Bureaucratic reputation has been defined as a set of beliefs about a public organization’s capacities, roles, and obligations that are embedded in a network of multiple audiences (Carpenter, 2010). Although one of the most important audiences in a democracy is the citizenry, very little empirical investigation has looked at citizens’ beliefs about specific government agencies and what individual or contextual factors influence these beliefs. To examine this question, this study analyzes data from a unique 2013 Pew Political Survey that represents the responses of 1500 US citizens on the reputations of 12 federal agencies. Results demonstrate that citizens view the reputations of some agencies (such as the CDC and NASA) much more favorably than other agencies (such as the IRS and the Department of Education). In regression analyses, findings suggest that the reputation of federal agencies varies according to citizens’ general level of trust in government and their political ideology, but that demographic, socioeconomic and regional differences also shape reputation judgments. These findings provide some preliminary empirical understanding of the reputation of government agencies in the eyes of the citizenry and may have implications for agencies seeking to manage their relationship with the public. Points for practitioners: Bureaucratic reputation has important implications for public administrators because of its influence on a government agency’s autonomy, power, and legitimacy. Our study examines the reputations of 12 US federal government agencies and identifies individual and contextual determinants of citizens’ reputation ratings. We demonstrate that reputations differ between agencies and that certain factors – especially political ideology and trust in government – shape how the public views an agency’s reputation. These findings can help practitioners understand better how to strategically manage their agency’s reputation given an increasingly critical citizenry.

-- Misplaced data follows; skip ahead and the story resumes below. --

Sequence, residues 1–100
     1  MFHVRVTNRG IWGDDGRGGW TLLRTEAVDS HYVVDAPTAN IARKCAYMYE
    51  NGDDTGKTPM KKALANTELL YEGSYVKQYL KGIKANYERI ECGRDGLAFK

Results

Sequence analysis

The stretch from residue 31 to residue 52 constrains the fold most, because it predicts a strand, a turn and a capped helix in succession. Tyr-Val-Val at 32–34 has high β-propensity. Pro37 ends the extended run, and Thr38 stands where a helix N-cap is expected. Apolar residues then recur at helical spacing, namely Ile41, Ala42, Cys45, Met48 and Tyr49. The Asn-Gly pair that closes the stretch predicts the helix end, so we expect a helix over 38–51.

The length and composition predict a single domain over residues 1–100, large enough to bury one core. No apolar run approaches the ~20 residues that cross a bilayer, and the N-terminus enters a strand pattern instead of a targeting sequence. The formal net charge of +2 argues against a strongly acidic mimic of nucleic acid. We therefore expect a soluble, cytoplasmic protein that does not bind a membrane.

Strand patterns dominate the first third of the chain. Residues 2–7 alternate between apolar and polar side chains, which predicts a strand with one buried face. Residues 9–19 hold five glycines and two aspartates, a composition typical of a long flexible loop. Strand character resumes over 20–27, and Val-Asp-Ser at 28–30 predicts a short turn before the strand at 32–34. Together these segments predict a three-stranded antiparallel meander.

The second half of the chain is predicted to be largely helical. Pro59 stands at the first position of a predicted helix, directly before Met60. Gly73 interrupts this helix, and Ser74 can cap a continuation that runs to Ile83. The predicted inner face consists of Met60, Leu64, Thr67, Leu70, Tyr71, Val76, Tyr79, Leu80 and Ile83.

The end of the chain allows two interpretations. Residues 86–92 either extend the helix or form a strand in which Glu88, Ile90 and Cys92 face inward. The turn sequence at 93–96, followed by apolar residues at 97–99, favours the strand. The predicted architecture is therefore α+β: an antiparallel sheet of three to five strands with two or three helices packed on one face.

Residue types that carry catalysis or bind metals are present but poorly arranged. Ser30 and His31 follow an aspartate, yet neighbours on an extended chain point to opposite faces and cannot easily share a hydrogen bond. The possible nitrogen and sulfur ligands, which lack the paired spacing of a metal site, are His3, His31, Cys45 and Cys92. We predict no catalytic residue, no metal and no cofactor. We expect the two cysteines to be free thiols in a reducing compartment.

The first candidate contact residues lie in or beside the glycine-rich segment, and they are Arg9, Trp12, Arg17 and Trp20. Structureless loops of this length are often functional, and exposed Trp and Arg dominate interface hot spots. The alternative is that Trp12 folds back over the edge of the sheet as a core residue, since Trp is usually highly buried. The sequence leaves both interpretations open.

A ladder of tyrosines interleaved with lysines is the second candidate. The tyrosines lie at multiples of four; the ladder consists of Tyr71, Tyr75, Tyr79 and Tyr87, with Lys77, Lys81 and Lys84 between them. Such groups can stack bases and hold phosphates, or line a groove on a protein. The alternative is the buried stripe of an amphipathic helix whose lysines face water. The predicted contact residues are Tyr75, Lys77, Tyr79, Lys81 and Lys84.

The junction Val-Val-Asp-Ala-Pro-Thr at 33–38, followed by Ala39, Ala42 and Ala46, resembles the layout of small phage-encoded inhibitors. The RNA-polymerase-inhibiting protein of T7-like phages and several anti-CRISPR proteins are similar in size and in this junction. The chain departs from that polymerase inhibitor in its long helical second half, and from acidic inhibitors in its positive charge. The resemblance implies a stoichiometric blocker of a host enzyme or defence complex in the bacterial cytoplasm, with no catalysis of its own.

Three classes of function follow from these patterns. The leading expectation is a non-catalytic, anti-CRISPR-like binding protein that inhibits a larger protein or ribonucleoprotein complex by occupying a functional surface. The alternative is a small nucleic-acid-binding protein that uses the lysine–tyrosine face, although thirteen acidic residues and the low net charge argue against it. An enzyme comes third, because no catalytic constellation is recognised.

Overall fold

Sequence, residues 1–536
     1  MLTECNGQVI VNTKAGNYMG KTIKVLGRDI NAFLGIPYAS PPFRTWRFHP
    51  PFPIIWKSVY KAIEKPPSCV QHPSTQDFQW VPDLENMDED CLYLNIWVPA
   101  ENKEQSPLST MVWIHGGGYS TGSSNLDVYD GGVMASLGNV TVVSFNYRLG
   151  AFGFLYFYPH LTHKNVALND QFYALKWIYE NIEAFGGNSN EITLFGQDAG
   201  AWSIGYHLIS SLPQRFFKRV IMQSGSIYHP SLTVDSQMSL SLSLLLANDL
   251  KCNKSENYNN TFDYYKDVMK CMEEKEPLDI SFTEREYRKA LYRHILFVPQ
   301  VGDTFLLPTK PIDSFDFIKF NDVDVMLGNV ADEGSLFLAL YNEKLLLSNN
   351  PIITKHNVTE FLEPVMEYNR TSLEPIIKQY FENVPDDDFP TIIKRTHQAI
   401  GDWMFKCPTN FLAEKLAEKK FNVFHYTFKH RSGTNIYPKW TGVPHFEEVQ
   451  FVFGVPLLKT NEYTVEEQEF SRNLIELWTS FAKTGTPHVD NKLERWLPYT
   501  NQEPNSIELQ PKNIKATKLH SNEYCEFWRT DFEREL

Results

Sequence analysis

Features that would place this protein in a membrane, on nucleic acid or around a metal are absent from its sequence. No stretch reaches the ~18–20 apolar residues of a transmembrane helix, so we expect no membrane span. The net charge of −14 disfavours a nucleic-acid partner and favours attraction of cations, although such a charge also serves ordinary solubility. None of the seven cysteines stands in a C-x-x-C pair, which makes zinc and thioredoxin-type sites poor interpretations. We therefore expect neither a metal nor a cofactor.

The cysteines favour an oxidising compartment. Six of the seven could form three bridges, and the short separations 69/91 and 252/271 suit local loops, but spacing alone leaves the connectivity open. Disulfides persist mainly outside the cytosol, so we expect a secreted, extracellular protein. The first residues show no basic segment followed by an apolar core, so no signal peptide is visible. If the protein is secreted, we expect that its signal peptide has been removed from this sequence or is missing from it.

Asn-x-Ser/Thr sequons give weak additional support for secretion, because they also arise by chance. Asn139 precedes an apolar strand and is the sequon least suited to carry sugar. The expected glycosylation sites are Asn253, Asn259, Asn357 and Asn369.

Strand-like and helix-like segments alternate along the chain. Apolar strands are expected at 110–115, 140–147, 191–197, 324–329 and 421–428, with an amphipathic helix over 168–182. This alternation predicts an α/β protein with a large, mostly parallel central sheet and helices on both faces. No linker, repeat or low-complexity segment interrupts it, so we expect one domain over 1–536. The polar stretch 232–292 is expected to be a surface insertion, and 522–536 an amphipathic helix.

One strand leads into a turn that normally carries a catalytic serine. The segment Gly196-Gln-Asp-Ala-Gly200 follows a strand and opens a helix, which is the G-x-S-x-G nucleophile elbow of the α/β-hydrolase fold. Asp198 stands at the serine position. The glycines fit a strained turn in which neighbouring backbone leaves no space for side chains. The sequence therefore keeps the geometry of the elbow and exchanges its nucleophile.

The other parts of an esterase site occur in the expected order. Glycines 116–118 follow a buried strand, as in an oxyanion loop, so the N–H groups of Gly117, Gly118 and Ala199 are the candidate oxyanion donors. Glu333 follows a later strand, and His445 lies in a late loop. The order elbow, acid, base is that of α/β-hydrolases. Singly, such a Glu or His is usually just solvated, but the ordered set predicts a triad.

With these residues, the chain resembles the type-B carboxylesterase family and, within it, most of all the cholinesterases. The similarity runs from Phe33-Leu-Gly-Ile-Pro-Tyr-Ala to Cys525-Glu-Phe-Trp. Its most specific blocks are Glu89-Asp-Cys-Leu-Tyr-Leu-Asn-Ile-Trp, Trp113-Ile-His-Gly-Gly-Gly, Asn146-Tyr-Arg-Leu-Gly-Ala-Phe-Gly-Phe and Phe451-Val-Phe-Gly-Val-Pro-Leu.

All Science Journal Classification (ASJC) codes
- Sociology and Political Science
- Public Administration
- federal government
- public agency
- public opinion